Before now, Cape Verde was either unknown to us in Nigeria or held little interest to many. This was majorly because of the cost, as well as the long flights’ connection. This will, however, change from the 9th of December 2019, as Cabo Verde Airlines will be launching a direct route from Lagos to Sal (one of the 10 Islands that make up the archipelago of Cape Verde).
In case you’re still wondering where Cape Verde is, it is a group of Islands formed by a volcanic action millions of years ago, off the west coast of Africa and right in the middle of the Atlantic ocean. This means it is literally the connect from Africa to South America and to Europe because of its position.
How to get there
There is currently no direct route to Cape Verde until December 9, when the Cabo Verde airlines will eventually launch their Lagos to Sal flights.
If you, however, need to visit before then, your best option is to fly into Dakar, Senegal and connect a Cabo Verde airline flight from there.
There is no visa required as it is an ECOWAS country, but there would be an airport tax of 32 euros (13,400 Naira) applicable.
Recommended Islands and why you must visit
As 10 Islands make up Cabo Verde, you might be left wondering which to visit or how to do it.
Huge warning!! Most connections are by local flights (a 47-seater mini plane) which means that advanced booking is required, so you don’t get disappointed.
I visited only 3 Islands (Boa Vista, Santiago, and Sal), but after discussing with the locals, I got an additional 2 added to my list for when I return (Sao Vincente and Fogo).
Boa Vista can be perfectly described as the best of both worlds, where the Sahara Desert meets the Atlantic Ocean. The sand dunes meeting with the ocean in the pristine Santa Monica beach would leave you wowed.
The Viana desert, which is basically an extension of the Sahara Desert, would leave you in awe as to how the desert in North of Africa crosses to the West of Africa via the Atlantic Ocean.
You could explore the deserts via 4 by 4 or quad bikes and experience the wind and the adrenaline.
Besides the deserts, sand dunes, beaches, abandoned shipwreck sites and cave, the Island’s capital Sal Rei is another place to visit for its intriguing architecture, landmarks, fishing sites, and rooftop bars.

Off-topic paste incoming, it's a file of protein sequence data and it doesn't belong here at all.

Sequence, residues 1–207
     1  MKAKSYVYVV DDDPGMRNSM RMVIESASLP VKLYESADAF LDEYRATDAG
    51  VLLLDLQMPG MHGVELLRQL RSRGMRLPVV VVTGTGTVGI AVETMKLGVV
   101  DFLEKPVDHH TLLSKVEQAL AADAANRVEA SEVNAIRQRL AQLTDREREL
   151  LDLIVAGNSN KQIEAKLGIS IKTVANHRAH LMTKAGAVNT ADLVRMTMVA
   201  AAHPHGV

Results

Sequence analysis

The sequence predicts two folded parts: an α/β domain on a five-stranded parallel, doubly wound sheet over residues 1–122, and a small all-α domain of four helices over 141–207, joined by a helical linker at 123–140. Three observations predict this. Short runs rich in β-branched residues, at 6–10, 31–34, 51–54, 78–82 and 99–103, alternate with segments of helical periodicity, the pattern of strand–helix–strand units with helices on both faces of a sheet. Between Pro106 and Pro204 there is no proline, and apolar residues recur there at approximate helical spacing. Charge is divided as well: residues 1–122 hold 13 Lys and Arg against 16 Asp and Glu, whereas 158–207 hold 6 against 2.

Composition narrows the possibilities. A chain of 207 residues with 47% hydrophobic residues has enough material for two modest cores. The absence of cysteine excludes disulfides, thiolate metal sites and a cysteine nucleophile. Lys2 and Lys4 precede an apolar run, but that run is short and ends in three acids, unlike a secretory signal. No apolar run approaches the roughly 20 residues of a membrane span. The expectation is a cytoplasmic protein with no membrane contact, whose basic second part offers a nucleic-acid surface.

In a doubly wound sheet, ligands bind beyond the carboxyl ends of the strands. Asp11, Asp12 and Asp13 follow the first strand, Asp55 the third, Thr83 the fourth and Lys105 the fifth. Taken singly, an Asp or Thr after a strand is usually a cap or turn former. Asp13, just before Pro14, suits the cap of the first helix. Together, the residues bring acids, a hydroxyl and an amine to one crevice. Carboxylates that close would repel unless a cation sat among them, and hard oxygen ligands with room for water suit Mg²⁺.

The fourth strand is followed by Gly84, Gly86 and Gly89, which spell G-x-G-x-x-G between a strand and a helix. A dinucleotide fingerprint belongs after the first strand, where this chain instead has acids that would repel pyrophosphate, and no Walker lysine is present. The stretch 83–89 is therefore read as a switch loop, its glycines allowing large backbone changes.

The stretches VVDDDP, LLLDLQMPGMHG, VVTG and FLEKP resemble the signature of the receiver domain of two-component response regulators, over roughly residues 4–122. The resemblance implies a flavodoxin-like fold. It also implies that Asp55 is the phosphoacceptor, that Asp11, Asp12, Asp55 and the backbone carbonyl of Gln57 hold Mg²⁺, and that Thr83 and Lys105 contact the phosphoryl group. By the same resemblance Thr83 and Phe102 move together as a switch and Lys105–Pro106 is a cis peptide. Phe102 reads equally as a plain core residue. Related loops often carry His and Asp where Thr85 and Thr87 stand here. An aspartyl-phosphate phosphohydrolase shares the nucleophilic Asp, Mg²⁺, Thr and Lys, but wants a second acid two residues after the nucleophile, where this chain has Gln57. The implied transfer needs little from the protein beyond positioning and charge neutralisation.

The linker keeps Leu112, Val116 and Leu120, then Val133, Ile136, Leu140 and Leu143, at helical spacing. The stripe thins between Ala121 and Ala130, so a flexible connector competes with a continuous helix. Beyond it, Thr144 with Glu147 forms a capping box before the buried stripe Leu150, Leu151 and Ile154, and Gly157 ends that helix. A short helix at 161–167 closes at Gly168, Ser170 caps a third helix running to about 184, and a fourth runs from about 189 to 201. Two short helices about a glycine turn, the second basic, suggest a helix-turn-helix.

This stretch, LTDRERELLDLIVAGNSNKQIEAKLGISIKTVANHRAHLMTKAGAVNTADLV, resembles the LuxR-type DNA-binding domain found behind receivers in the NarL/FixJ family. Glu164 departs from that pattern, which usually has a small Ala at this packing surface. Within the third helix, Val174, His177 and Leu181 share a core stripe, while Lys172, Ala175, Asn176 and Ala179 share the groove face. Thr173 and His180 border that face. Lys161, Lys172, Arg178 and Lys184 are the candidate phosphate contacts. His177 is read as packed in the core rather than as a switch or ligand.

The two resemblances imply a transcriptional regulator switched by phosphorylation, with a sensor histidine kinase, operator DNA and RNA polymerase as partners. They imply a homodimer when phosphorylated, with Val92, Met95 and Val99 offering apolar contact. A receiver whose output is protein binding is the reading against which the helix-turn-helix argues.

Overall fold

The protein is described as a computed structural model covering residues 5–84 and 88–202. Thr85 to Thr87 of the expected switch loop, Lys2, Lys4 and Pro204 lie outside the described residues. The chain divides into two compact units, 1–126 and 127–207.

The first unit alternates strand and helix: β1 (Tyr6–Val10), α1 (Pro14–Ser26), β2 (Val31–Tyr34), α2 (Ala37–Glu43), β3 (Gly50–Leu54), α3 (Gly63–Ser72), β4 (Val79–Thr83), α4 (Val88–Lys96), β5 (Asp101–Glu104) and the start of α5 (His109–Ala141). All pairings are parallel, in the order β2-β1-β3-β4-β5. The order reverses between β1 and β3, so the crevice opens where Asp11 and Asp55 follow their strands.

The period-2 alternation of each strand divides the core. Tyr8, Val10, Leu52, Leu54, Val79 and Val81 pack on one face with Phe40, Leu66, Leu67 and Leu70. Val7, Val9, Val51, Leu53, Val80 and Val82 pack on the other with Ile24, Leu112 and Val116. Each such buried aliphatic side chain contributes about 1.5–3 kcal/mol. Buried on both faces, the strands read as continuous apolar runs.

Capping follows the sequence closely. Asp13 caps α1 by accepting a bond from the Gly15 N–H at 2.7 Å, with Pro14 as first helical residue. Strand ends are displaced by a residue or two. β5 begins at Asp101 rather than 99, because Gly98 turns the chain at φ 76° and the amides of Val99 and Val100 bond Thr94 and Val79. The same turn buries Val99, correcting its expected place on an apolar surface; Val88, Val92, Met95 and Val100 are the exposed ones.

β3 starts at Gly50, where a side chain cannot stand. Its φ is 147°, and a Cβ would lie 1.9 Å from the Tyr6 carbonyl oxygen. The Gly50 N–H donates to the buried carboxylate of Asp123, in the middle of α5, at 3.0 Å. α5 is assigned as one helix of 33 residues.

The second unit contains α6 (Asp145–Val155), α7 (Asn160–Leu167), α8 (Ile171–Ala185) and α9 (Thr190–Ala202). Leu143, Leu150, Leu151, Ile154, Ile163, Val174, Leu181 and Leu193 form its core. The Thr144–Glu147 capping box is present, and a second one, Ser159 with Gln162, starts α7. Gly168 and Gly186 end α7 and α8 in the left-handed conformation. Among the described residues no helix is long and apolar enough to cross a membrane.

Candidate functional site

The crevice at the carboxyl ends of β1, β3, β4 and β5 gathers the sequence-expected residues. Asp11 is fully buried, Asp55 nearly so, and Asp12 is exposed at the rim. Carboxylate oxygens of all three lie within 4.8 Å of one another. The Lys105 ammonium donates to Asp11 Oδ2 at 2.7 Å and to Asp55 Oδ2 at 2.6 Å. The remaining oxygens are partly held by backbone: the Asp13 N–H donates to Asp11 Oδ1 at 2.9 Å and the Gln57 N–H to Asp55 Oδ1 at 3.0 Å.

For an island famous for whale watching, turtle watching, surfing and even star gazing in the desert, you won’t run out of activities.
This is naturally the first Island or probably the only Island you will visit from Lagos to Cape Verde, considering it’s the Cabo Verde airline’s entry point. Sal is the famous of all the 10 Islands as it has the most flight connection and its beaches are best described as ‘beach lover’s paradise’.
Besides the beach, there is a lot to absorb from this Island such as its history and historical sites.
The name Sal comes from salt which can be related to the history of the town – a once-thriving salt-exploring island.
It now leaves us with Pedra du Lume, a saltwater lake with 26 density which is the next saltiest after the dead sea. This means you can also float naturally without swimming.
Sal is also home to Buracona, a natural pool formed by the ocean into the lava rocks where you can go swimming. Next to it is the ‘blue eye’, a beautiful underwater cage turning magic blue and turquoise by the sunlight.
Another thing to look out for whilst exiting Buracona is the mirage at Terra Boa. It appears as an ocean right in the middle of the desert, but it isn’t.
This is the country’s capital and the seat of the Government. It is the largest of all 10 islands and also the richest in history because it is where Cape Verde’s history all began.
Here, you would find the country’s former capital, Cidade Velha, which was the first city to be built by Europeans in West Africa. Today, it is a registered UNESCO World Heritage Site, having once acted as the main slave-trading point between Africa and Europe